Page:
I am sure that I know why I am going, since because it is part of who I am, even in a very distant family way (some of my father's distant family was killed in Lithuania) , and I really need to see for myself the places where the atrocities happened, and stand where so many victims stood. I need to hear about the history of Poland as I look upon the buildings and monuments, and as I try to imagine what must have been there, in places where the buildings, streets no longer exist.

I have no idea how I will react there - in Poland.
I do not want to cry.
I very much want to cry.
I do not want to be torn up inside.
I want to feel deeply the pain.
I do not want to hear all of the history.
I need to hear the history, and learn things that I do not yet know.

I am going with my daughter, who is one of our guides. And this makes me very happy. My daughter will now be my teacher - I will see this part of her that I have yet seen, and have this deep experience with one of the most important people in my life.
I am going with my good friend, Shoshana, who originally comes from Poland. This will be another bonding experience for us. I hope that I can be a support for her, if she needs it. I feel some sense of safety going with these two special people in my life.

I am going to Poland tomorrow. Wish me safe journeys.
I am going to Poland tomorrow, keep the revolution going. Keep the huge call for social-economic justice in the public eye.
I am going to Poland tomorrow, keep the idea alive that all peoples, regardless of ethnicity, background, race, gender, age, deserve to live lives of dignity.

This is why I know why I am going to Poland. To see it up close, to remember why it is so crucial for us to care for one another, to remember that when people disregard the lives and rights of others, terrible things can happen.

Wish me safe journies - wish us all safe journey in this life.

Saturday, August 6, 2011

Yes to the Social-Economic Revolution, No to Racism

The social-economic revolution is taking over Israel. Hundreds of thousands of people have joined so far, and many more join in every day. This popular, grassroots movement is changing the face of Israel, moving us in a direction of greater social justice.

Since this is a popular, grassroots movement, anyone can join in. That is the good news. The bad news is that some are using this protest movement to further their calls of racism and social exclusion (mostly against the Palestinians and the asylum seekers from Africa). Some people have begun using violence to oust the 'others (a few days ago a few left-wing activists tried to burn down the tents of some of the right-wing activists). This protest is not about racism or exclusion, it is about social justice for all.

As things get heated up a bit, it is more important than ever, to remember why we have all come together and continue to shake this land.

Six organizations joined together to issue the following statement, in Hebrew, Arabic and English.


חברים בארגונים קול אחר, מכון הנגב לאסטרטגיות של שלום ופיתוח, פסיכואקטיב, ידידות מעבר לגבולות, וקולות בנגב, אנחנו - אזרחים מהשורה - קוראים בקול רם וברור: 

כל ביטוי של גזענות ו/או אלימות עומד בניגוד לכל מה שהמאבק לצדק כלכלי-חברתי מייצג.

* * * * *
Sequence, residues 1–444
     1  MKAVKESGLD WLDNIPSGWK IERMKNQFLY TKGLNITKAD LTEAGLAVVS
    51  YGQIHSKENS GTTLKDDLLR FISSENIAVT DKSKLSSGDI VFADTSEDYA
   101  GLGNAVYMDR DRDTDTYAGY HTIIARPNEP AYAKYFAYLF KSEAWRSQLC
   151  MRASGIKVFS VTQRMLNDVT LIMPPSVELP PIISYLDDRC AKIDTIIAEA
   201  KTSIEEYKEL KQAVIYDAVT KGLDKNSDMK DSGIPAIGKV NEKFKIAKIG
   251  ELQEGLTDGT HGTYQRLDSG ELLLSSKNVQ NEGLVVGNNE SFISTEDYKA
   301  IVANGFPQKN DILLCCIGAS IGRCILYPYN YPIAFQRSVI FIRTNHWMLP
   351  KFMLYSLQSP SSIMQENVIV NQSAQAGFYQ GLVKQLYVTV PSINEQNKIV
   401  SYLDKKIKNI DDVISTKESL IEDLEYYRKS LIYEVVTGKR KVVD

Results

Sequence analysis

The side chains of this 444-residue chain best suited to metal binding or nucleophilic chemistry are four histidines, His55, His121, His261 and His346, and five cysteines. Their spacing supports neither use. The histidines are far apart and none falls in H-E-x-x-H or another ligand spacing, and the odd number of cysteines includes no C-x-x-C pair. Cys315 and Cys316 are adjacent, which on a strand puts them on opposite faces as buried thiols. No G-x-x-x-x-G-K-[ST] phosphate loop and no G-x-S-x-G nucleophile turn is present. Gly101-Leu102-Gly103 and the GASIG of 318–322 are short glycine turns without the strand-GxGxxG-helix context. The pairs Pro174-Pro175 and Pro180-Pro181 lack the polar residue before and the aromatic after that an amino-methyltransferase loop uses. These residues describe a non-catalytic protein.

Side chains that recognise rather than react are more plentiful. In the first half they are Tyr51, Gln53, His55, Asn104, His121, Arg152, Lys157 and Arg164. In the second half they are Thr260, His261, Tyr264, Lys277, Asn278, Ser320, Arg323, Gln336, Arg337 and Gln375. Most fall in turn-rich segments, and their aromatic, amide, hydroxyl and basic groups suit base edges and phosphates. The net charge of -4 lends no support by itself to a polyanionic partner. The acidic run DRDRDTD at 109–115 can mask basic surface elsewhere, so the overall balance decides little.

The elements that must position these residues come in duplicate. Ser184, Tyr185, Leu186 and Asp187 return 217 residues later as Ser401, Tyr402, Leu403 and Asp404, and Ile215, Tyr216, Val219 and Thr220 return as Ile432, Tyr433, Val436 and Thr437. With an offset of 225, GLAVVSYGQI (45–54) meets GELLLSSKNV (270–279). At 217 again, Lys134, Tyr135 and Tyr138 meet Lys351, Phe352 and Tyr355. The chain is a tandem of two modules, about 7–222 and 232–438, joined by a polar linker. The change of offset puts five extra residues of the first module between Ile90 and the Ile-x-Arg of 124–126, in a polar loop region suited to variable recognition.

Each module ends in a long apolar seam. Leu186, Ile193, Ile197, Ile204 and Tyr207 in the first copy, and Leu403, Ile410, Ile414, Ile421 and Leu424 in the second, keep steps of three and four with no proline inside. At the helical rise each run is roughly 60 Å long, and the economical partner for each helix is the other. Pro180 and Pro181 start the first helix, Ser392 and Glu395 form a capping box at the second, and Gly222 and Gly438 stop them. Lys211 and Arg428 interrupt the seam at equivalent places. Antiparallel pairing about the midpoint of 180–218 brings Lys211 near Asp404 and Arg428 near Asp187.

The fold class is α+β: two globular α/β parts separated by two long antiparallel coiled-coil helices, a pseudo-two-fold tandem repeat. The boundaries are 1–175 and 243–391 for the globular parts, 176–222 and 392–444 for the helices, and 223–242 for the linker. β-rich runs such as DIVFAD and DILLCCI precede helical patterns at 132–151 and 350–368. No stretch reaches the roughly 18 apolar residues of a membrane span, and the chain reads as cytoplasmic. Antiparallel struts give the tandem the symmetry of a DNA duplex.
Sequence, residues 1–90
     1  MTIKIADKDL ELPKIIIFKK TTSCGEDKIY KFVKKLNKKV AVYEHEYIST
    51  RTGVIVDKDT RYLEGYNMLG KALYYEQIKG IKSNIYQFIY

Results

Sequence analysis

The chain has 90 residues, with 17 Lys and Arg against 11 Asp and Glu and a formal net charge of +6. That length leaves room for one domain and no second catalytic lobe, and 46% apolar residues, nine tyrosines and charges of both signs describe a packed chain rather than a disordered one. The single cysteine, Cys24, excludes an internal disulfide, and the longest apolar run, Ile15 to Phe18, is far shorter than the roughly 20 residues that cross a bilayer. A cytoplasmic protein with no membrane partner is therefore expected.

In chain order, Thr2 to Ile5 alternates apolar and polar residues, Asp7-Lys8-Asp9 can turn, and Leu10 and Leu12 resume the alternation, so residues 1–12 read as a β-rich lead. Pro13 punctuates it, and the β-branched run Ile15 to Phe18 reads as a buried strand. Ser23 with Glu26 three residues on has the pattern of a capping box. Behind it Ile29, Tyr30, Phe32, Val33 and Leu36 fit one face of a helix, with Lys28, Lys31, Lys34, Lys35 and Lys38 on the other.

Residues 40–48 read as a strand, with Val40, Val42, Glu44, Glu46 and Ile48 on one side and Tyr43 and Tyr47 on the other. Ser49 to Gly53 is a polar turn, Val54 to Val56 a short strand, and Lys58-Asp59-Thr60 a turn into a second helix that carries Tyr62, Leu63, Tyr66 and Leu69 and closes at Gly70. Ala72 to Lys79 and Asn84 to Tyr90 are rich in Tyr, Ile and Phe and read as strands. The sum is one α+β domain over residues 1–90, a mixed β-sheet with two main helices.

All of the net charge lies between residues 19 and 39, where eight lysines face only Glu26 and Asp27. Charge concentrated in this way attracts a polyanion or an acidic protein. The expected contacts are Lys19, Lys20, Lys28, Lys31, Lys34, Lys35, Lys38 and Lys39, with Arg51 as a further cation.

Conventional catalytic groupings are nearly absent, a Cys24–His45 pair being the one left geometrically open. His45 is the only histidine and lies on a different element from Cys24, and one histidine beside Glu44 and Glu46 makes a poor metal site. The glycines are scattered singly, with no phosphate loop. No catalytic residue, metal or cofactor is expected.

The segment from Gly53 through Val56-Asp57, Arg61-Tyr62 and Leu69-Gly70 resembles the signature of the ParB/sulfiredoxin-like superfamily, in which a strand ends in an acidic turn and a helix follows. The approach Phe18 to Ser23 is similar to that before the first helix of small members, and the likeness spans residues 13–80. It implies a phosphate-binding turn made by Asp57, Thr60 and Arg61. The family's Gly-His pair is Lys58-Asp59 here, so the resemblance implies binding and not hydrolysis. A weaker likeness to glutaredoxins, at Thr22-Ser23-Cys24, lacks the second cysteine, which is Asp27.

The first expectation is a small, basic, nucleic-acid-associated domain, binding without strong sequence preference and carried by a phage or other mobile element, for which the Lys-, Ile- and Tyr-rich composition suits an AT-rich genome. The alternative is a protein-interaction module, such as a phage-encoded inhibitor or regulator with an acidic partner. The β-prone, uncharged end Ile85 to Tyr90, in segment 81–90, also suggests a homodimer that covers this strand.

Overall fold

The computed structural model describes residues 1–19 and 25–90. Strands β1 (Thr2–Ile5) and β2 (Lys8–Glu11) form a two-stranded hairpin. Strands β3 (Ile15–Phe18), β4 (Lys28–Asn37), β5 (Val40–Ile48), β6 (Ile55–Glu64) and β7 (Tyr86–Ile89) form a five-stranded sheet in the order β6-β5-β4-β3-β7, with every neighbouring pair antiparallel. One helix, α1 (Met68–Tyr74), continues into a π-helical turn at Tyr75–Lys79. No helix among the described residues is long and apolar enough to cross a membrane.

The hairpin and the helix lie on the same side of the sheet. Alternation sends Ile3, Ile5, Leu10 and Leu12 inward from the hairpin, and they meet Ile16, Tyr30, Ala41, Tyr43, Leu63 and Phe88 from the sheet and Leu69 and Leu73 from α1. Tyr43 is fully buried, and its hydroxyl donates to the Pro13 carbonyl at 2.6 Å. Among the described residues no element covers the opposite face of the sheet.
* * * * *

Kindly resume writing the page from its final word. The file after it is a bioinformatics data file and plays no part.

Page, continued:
אנחנו שמחים על כך, שקבוצות ואנשים רבים מהחברה הישראלית מתאגדים יחדיו סביב מאבק חשוב זה. אך אנו מוחים בתוקף על כל ביטוי של גזענות, אלימות, הפלייה, הדרה, ביזוי ודיכוי של מגזרים וקבוצות. אלה גבולות המאבק ואלו גבולות הדמוקרטיה. גזענות ואפליה יכולים רק להעמיק את אי-הצדק הקיים .

       picture from the Arab-Jewish tent on Rothschild Blvd. in Tel-Aviv                                

أعضاء في منظَّمات صوت آخر، معهد النقب لاستراتيجيَّات السلام والتنمية، وصداقة ما بَعد الحدود، نحْن مواطنون عاديون، نصيح بصوت عالٍ وواضح:

إنّ كلّ عبارة عنصريّة و/أو عنف تناقِض المعاني المرجوَّة من النضال من أجْل العدالة الاقتصاديَّة-الاجتماعيَّة.

نحْن سعداء بسبب تكتُّل أشخاص وفئات كثيرة من سكان إسرائيل حوْل هذا النضال المهم. ولكنَّنا نحتجُّ بكلِّ شِدَّة ضدَّ كلّ أشكال العنصريَّة، العنف، التمييز، التهميش، الاحتقار وقمْع فئات ومجموعات. هذه هي حدود النضال وحدود الديمقراطيَّة. العنصريَّة والتمييز تؤدِّيان حتمًا إلى تعميق عَدم العدل الموجود.

We, members of Other Voice, Psychoactiv, the Negev Institute for Strategies of Peace and Development, Friendship across Borders, Collot BaNegev, and Massad - the Social-Democratic Camp, we - ordinary people from Israeli society - say in one clear and unanimous voice:

Any expression of racism or violence is in direct contradiction to the social-economic struggle.

We are glad that so many groups and people are joining this protest movement, and are coming together in this very important struggle. However, we strongly protest any and all expressions of racism, violence, discrimination, social exclusion and oppression of sectors and groups. These are the limits of the protest moment and these are the limits of democracy. Racism and discrimination will only deepen the injustices that already exist.

                               more photos from the Jewish-Arab tent, in the heart of the Rotshcild tent city

Ha'am doresh tzedek chevrati
The people demand social justice!


Friday, August 5, 2011

Knesset ha'Bayta - Pipi v'Lishon

I want to be able to say that this latest proposal is going to the last in a line of anti-democratic, fascist, hateful bills
I want to be able to say that this latest law proposal is going to shake the foundations of the Knesset.